Progress report with uMngeni’s Mayor Pappas – symbol of hope for what SA can become

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For many South Africans uMngeni’s hard-working Mayor Christopher Pappas (31) personifies what the country could become.

Young, smart, multi-lingual and hard working, Pappas and his Democratic Alliance team have achieved a great deal since taking power a year ago – serving as a template for the DA’s alternative to the increasingly destructive example of governance by the ANC. In this interview with Alec Hogg of BizNews, Pappas provides an update on the municipality which was the feature of party leader John Steenhuisen’s latest weekly newsletter.

Find timestamps of the interview below:

  • Chris Pappas on the loadshedding crisis – 00:01:08
  • On potentially working with hydroelectric power – 00:04:36
  • On providing for the municipality and its people – 00:07:37
  • On efficient budgeting and effective finances – 00:10:15
  • On running his municipality like a business – 00:13:05

Excerpts from the interview below

Chris Pappas on the loadshedding crisis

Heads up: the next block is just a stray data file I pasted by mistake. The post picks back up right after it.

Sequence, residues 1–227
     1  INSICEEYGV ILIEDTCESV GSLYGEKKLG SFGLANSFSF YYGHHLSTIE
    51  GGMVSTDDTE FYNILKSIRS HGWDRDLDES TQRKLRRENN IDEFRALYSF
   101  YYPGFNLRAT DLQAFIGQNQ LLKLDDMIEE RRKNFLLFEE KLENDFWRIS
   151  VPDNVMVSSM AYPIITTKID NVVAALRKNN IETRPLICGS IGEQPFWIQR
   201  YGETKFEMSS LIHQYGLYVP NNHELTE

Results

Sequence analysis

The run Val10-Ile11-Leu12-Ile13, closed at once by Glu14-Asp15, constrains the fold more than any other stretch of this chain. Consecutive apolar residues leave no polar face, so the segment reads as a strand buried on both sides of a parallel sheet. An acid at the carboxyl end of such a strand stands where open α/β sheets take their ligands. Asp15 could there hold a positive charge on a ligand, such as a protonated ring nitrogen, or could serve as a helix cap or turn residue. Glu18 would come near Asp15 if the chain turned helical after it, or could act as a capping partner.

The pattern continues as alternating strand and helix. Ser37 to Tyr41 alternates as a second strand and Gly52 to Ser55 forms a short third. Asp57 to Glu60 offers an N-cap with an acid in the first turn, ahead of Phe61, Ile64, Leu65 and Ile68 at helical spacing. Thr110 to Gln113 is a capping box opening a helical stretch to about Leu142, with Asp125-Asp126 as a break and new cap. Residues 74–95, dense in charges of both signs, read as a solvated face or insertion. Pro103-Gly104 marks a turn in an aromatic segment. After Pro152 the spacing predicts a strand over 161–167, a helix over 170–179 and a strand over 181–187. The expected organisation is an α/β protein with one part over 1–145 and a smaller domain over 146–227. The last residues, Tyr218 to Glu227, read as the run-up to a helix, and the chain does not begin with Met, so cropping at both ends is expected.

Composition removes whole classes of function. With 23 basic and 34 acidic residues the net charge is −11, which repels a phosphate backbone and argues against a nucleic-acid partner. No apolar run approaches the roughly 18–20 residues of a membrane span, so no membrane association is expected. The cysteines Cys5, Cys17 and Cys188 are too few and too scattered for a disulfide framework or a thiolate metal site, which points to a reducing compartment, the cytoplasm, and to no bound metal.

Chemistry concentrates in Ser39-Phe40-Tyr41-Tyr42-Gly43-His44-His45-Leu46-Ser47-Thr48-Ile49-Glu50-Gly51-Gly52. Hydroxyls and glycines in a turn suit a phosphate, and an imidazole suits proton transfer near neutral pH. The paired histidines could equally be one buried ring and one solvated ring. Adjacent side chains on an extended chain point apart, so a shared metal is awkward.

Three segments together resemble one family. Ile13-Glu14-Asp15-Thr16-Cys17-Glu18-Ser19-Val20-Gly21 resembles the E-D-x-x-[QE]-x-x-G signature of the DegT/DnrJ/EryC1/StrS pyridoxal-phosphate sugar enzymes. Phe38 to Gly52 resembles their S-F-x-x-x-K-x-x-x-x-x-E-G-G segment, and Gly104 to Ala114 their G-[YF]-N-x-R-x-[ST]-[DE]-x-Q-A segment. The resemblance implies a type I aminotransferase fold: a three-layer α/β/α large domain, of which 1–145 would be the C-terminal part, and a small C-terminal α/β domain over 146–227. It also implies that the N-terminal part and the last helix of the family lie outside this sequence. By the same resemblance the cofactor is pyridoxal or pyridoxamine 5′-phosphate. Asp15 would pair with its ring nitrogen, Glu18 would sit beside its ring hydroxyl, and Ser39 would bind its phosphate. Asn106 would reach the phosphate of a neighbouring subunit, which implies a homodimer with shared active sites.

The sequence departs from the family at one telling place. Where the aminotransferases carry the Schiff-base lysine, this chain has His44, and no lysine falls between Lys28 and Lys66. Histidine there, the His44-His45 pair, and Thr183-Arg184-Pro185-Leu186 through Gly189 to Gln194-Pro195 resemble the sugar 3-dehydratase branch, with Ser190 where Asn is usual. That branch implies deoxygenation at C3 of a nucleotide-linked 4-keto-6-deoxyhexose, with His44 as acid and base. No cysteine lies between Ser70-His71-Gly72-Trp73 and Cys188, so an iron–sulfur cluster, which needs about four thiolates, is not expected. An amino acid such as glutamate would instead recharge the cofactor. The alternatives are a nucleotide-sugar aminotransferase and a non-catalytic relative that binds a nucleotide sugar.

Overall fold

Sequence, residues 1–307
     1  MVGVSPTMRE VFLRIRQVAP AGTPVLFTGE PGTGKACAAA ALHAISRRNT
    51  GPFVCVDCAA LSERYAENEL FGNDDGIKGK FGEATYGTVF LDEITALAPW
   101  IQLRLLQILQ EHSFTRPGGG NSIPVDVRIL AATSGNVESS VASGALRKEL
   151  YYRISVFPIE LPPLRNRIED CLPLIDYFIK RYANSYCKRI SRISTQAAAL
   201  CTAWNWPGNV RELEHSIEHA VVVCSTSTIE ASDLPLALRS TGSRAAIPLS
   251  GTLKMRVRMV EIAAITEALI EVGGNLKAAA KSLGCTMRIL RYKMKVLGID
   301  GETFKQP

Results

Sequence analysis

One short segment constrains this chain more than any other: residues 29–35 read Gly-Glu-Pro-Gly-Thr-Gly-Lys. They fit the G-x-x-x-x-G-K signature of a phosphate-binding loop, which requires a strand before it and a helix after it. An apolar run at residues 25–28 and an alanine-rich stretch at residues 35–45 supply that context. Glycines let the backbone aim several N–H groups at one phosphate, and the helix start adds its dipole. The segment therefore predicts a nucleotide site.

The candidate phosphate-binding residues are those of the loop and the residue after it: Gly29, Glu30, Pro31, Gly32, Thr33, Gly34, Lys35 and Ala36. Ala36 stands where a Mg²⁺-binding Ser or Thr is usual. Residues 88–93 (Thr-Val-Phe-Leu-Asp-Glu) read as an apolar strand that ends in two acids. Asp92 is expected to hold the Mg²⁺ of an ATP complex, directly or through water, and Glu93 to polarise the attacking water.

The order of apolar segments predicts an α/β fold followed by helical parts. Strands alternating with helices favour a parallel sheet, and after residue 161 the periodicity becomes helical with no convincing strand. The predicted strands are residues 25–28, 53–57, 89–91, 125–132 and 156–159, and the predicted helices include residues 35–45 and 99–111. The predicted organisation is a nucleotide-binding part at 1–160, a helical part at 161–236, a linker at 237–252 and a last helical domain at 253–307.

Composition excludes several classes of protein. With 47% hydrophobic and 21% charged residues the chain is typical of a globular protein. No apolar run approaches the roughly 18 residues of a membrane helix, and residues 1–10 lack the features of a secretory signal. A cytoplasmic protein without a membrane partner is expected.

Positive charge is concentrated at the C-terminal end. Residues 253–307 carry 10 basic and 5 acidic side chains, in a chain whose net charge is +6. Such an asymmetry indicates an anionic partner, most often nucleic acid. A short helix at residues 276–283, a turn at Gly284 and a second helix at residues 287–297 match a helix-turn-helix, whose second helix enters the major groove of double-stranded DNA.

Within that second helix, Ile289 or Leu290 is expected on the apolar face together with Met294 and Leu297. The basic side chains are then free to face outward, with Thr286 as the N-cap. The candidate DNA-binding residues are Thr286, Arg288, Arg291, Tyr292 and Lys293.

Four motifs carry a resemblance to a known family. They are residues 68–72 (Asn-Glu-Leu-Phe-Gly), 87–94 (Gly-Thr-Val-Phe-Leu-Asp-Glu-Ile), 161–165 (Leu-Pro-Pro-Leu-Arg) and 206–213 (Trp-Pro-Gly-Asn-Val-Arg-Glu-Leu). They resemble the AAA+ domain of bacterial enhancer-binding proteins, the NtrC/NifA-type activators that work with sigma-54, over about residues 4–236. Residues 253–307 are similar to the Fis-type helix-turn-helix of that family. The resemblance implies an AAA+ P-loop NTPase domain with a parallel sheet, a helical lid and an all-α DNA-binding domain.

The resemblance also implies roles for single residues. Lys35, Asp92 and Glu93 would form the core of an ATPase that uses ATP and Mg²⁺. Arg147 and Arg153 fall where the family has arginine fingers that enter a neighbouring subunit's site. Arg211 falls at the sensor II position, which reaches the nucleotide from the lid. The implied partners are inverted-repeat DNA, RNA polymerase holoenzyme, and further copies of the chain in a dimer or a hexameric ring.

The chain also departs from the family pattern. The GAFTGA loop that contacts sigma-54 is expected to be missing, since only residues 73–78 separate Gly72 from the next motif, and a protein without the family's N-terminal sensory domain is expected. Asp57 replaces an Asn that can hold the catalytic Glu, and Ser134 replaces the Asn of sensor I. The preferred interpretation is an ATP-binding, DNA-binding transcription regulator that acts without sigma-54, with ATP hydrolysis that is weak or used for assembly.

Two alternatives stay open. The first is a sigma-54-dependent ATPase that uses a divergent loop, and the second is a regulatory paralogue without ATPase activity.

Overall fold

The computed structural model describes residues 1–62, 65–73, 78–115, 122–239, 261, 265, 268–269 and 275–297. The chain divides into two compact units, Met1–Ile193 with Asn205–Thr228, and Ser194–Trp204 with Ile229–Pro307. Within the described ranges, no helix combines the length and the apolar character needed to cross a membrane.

On loadshedding – our schedule is actually very detrimental to our local businesses. Sometimes we have stage five and six, we have 8 hours a day and that’s usually in the morning and late afternoon. So businesses have 2 to 3 working hours during the day, which is hugely detrimental to our local businesses. We haven’t been able to make significant changes or inputs to try and resolve loadshedding. You’re talking hundreds of millions of rands that you have to put forward for whether it’s going to deal with IPPs or whatever it might be. But what we have done is try to reduce our own consumption as a municipality. So small things. We’ve recently started to replace all our streetlights with LED lights to reduce the load. In places like the CBD area, we are installing solar lights so that even when the lights do go out, people can see and it’s safe. Public transportation, especially in Winter, can continue and people can feel safe. We have submitted an order, probably a bit late now for them to get done before the end of the year. But definitely before the end of January, we’ll be installing five CPUs and will start rolling them out across the municipality for robots so that the robots work when there’s loadhsedding and there’s no chaos on the road. That puts other added pressures onto the municipality. So where we can we’re trying to do things. But energy is a big topic because there’s a lot of money around it. So for a small municipality with a lot of other problems, those are future things that we’ve got to look at. There’s great work being done by other municipalities who have maybe been more stable for a while and financially in a good place. And we hope to piggyback on that. So the policy making, the laws and the trial and error that they have to go through at a later stage and then we will be able to learn from that and it will be a lot faster. 

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